Thomas Aquinas defined the beatific vision as the human being's "final end" in which one attains to a perfect happiness. Aquinas reasons that one is perfectly happy only when all one's desires are perfectly satisfied, to the degree that happiness could not increase and could not be lost.
"Man is not perfectly happy, so long as something remains for him to desire and seek."STh I–II, q., 3, a. 8.
But this kind of perfect happiness cannot be found in any physical pleasure, any amount of worldly power, any degree of temporal fame or honor, or indeed in any finite reality. It can only be found in something that is infinite and perfect – and this is God. STh I–II, q. 2, a. 8.
And since God is not a material thing but is pure spirit, we are united to God by knowing and loving him. Consequently, the most perfect union with God is the most perfect human happiness and the goal of the whole of the human life. But we cannot attain to this happiness by our own natural powers; it is a gift that must be given to us by God, who strengthens us by the "light of glory" so that we can see him as he is, without any intermediary. (Thomas quotes Psalm 35:10 on this point:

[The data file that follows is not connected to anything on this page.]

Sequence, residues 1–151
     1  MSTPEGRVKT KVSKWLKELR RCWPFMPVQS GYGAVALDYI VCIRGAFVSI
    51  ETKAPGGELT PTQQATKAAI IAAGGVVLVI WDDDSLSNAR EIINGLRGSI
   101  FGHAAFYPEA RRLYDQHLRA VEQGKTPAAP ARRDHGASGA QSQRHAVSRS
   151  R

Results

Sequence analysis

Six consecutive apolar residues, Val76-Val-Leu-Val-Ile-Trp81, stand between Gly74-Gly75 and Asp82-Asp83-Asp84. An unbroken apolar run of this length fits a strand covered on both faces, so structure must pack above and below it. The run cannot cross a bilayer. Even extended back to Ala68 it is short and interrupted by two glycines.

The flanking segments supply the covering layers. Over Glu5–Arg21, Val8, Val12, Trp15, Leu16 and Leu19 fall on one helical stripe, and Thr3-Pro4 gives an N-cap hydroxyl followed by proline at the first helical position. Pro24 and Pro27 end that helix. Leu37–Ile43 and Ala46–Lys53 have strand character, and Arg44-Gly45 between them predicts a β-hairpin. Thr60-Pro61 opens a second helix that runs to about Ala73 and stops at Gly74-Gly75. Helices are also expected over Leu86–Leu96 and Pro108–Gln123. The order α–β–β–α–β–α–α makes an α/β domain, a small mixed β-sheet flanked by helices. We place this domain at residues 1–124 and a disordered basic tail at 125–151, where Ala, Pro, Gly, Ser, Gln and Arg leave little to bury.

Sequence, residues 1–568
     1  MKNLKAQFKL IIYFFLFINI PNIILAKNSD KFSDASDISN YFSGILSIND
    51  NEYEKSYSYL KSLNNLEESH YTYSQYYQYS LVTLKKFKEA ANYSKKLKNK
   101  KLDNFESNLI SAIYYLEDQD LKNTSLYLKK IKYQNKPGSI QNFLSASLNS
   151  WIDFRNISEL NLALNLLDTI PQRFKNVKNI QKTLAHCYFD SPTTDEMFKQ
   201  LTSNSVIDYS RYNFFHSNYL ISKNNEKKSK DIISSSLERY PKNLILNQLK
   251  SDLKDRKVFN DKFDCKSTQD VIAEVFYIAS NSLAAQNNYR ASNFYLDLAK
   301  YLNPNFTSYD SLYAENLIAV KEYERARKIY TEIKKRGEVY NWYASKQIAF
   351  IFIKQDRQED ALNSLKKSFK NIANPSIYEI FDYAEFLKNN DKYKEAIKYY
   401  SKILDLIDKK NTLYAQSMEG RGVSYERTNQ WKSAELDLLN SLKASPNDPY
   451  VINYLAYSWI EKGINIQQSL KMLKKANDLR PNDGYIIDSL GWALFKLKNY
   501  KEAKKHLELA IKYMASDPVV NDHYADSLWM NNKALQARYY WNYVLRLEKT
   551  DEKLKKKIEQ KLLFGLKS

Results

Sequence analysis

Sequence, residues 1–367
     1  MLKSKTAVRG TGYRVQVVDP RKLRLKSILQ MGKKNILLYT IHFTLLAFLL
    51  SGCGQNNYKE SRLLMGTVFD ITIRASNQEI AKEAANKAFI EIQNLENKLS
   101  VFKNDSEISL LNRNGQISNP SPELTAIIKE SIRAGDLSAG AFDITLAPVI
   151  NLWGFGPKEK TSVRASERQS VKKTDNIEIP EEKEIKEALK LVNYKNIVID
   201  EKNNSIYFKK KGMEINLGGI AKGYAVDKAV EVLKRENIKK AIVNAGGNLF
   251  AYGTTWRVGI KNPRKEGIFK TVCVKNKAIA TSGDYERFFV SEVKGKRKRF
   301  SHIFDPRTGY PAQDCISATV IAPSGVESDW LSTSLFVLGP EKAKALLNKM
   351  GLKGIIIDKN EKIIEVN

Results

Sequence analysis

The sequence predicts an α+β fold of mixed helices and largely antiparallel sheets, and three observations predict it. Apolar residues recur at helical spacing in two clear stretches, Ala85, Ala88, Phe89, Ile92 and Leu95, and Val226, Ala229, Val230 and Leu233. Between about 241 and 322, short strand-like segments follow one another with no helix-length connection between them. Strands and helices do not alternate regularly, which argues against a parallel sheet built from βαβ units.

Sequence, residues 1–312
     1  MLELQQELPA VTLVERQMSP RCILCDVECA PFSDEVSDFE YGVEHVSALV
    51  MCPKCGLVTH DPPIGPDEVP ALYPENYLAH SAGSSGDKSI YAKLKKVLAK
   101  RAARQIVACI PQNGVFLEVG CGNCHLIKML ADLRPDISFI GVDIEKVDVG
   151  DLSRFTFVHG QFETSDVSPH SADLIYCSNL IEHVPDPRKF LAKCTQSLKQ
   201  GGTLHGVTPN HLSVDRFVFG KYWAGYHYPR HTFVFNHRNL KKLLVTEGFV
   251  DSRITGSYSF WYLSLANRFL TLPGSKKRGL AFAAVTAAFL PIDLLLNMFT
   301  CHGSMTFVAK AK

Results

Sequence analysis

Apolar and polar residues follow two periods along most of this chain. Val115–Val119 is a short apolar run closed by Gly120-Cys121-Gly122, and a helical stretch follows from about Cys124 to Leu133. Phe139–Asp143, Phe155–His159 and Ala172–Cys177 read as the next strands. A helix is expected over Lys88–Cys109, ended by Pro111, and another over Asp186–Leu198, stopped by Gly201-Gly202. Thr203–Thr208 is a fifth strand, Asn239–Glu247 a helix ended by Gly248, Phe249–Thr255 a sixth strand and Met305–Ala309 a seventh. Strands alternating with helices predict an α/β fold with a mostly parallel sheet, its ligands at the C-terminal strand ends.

"In your light we shall see light.")STh I, q. 12, a. 4.
Further, since every created image or likeness of God (including even the most perfect "ideas" or "images" of God we might generate in our minds) is necessarily finite, it would thus be infinitely less than God himself.STh I, q. 12, a. 2.
The only perfect and infinite good, therefore, is God himself, which is why Aquinas argues that our perfect happiness and final end can only be the direct union with God himself and not with any created image of him. This union comes about by a kind of "seeing" perfectly the divine essence itself, a gift given to our intellects when God joins them directly to himself without any intermediary. And since in seeing this perfect vision of what (and who) God is, we grasp also his perfect goodness, this act of "seeing" is at the same time a perfect act of loving God as the highest and infinite goodness"
- Wikipedia 'Beatific Vision'.
Is this largely accepted in the 'present' or are there other popular philosophies of theology that combat this?